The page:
“Did you do that?” her face flared up, angrier still.


    “Why?” Estha sounded disbelieving, the words, why do you always do this just kept back with her jaw clenched shut.  Ichais knew it, and pressed her body back until Estha was stumbling into the corpses space.  The man looked peaceful, that fact alone enough to make Ichais want to scream and pull him limb from limb again.

    “Because he was… He-”

    Ichais ran her hand through her hair to keep from showing Estha how she was shaking, ever since she found her last night.  Anger is hurt, and the hurt from watching those you love be turned to nothing but another’s game creates something of a devil.  And holding your tongue if your love doesn’t know what you do is more than anger and pain.  It’s a special kind of torture.  That’s what love is.

    “Ichais,” she said, pulled her in, her voice a song she had missed being all for her, “You can’t keep doing this.  Not anymore.  You promised me once, you…”

    “Where-” the man sat up, his blood already soaked into the soil, his eternity beginning, “Where am I?”

    Estha stepped away, smiling sweetly and pressing her fingers to the man’s temple.

    “You seem to have been hurt,” she said.

    He scratched his eyes, at his chest where the scars still shone if you knew what you were looking for, “I don’t remember anything.”

    “Let me help you back to bed.”

    “Was I robbed?” he said, suddenly alert.

    Estha shot a look to Ichais, “Yes, I think you might have been.”

    Ichais rolled her eyes, and left the two - him shouting and hollering and gripping at Estha’s narrow hips and the underskirts of her dress.  She smiled and calmed him, not a single care in her pretty head.  Ichais felt sick again, the insides of the undead man rising with bile into her throat.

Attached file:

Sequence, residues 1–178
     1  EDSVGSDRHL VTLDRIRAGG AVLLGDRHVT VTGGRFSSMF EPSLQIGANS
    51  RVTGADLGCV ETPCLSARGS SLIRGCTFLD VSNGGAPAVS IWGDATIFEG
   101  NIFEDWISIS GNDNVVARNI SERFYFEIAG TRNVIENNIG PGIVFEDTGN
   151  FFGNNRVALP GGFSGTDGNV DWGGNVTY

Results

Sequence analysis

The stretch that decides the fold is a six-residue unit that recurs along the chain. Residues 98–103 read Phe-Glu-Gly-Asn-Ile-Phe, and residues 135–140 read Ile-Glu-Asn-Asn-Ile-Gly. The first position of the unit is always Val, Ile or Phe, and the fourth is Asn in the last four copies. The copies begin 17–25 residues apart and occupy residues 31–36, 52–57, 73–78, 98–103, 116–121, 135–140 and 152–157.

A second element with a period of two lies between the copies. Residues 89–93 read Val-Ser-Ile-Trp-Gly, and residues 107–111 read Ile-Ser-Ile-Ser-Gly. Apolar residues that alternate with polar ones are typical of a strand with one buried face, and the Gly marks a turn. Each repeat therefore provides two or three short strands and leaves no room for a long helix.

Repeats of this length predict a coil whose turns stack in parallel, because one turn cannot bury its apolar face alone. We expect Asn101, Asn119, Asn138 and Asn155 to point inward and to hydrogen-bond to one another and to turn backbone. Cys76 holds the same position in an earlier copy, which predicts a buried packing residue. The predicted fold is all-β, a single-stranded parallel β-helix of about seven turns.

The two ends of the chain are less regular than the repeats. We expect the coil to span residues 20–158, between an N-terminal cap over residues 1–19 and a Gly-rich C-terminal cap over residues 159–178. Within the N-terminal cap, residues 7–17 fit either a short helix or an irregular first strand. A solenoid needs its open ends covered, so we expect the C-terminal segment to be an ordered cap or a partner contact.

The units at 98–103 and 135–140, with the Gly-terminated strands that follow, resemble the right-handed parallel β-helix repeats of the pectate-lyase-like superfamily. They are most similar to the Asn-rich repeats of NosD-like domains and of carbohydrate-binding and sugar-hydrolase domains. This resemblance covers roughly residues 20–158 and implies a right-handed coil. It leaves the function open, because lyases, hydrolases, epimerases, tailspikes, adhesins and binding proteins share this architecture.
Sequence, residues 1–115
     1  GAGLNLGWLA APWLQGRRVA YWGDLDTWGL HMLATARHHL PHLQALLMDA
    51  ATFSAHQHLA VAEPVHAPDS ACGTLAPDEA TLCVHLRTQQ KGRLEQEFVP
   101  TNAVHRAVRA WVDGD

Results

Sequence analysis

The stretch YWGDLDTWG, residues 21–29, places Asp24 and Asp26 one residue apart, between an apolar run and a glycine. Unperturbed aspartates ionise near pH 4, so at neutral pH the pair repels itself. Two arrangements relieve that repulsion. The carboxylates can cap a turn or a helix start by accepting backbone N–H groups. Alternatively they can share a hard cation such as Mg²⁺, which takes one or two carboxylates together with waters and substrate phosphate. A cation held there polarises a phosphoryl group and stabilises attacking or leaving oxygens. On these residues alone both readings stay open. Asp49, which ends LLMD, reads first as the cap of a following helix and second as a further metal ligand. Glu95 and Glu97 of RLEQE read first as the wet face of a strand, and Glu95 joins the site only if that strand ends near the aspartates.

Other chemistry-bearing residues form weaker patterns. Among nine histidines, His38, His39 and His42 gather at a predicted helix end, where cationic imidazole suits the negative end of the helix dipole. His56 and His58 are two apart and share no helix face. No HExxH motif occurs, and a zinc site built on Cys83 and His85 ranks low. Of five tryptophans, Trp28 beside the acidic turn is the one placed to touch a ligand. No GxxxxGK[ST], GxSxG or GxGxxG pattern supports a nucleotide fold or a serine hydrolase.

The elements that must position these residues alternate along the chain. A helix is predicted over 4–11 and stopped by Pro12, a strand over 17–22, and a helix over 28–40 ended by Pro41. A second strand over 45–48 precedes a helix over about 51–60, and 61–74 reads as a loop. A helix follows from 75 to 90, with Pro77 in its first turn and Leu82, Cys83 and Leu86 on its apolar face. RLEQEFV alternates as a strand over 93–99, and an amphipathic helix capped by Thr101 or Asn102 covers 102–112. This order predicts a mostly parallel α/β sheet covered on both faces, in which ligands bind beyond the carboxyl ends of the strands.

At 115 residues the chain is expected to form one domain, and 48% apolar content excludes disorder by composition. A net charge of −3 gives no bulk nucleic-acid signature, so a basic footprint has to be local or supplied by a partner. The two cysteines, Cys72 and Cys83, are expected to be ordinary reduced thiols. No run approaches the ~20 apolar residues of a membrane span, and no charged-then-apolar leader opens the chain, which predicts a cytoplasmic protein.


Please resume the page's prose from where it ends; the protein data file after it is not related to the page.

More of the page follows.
She sat on the counter and swung both legs over, plucking out half of the coins left.  It wasn’t very much, and she took his map that he had promised.  He had nothing else important, although stealing the wife away had crossed her mind, if only to save her from that animal of a man.

    She looked up, Cinis sat between two other Jinn too broad and built to not be his shoulders.  One stood up, scowling, but Cinis only clicked and he sat back.

    “Be well,” he bid her a formal goodbye.  Strangers, that’s all they were.

    “Be well.”

    “And, Ichais?”

    She sighed and looked back at him.  His ragged smile, his thin frame, his clothes already scuffed.  She was stronger than him now, a thought that filled a desire from the night he held Estha up against his side and paraded her around the ballroom in shame and disgust.

    “Love comes to those who prove their worth.  You have spoken for years about needing no pride, feeling no remorse, and acting as if those were attributes that filled what inside you was missing.  Don’t let her misguided heart act as a mould to complete you, because you will never be worth enough to her.  Remember that, Ichais.”

    She waved back at him, swinging her coin purse back into the loops of her belt, “I don’t need her to complete me.”


    “Unlike you, I’m only here to make her fulfilled, that’s worth enough to me.”